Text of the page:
I will write more about this, but an easy way to start healing your GI tract, is to avoid food you know you don’t tolerate.

It would also be beneficial if you start taking a nutritional formula that contains substances found to reduce irritation and inflammation of the GI-tract and support healing.

To take a probiotic that has shown to help eliminate harmful bacteria will also be good.

Fasano A1, Shea-Donohue T. Mechanisms of disease: the role of intestinal barrier function in the pathogenesis of gastrointestinal autoimmune diseases. Nat Clin Pract Gastroenterol Hepatol. 2005 Sep;2(9):416-22.

 

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How quickly can you change the gastrointestinal flora?

Posted by on Gastrointestinal Health | 0 comments

These bacteria even affect our mood, more of the friendly bacteria results in a better mood.

How can we change and improve the gastrointestinal flora?

There are numerous formulas on the market promising to do that and while some of them may be helpful, there is still a lot of beneficial bacteria we don’t know about.

We do know what these friendly bacteria like to feed on, so why not give them what they like?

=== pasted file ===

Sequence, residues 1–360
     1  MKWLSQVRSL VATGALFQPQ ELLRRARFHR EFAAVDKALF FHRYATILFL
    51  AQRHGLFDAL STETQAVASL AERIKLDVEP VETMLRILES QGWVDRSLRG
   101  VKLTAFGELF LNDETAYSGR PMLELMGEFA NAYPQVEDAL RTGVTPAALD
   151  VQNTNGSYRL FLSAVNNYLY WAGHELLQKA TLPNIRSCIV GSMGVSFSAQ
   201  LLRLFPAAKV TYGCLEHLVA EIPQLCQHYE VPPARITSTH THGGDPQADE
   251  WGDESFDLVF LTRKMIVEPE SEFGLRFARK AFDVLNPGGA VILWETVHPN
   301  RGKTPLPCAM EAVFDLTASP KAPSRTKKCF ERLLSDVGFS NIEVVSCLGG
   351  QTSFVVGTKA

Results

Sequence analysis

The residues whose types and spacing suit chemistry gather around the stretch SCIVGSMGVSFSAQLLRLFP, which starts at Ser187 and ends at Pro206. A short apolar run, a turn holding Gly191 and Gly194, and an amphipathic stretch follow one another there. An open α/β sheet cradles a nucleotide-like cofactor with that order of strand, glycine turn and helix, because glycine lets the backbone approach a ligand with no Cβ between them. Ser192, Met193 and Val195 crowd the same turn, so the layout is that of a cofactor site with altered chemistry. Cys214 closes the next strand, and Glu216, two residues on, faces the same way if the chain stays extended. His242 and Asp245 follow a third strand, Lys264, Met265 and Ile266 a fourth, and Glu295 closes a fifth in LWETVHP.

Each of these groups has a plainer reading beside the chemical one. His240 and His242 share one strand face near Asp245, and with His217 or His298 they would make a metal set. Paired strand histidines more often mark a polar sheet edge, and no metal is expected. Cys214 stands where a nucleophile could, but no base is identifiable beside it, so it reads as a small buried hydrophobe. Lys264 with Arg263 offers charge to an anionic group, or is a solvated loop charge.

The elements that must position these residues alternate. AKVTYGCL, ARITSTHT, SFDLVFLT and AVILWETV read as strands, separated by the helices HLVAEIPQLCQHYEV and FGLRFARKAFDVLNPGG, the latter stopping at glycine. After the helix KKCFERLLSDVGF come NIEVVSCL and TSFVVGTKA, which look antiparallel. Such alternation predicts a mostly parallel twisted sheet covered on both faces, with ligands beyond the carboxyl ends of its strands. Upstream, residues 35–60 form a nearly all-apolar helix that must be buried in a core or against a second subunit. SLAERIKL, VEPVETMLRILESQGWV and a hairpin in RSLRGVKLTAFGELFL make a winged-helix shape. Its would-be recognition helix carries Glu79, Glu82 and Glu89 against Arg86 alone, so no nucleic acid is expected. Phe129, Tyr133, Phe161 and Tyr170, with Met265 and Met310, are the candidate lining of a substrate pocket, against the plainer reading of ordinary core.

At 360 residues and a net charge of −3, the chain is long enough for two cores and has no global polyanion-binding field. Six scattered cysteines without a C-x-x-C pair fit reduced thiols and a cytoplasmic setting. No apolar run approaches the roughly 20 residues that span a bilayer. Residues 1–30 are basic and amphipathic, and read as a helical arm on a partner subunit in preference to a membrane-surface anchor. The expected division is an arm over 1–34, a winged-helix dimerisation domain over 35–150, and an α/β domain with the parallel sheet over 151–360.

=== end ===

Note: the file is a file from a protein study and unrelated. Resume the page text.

Why not give them different food for a few days and see what happens?

That’s exactly what was done in this study (David LA, et al. 2014).

For 5 days the participants were given a diet of mainly animal products, and for another 5 days they were given a diet composed of plant products.

Their gastrointestinal flora was evaluated before they started and after each diet.

It only took 4 days before the flora had changed.

When the participants ate the animal based diet, their flora changed to accommodate that kind of food, and when they ate the plant based diet, their bacteria changed to accommodate that diet.

What’s important, however, is that the abundance and activity of Bilophila wadsworthia produced by the animal based diet supported a link between dietary fat, bile acids and the outgrowth of microorganisms capable of triggering inflammatory bowel disease.

It is important to keep in mind that inflammation triggered in the gastrointestinal tract goes systemically which means it affects the rest of the body.

Now you have a choice, you just have to decide what kind of bacteria you want to feed.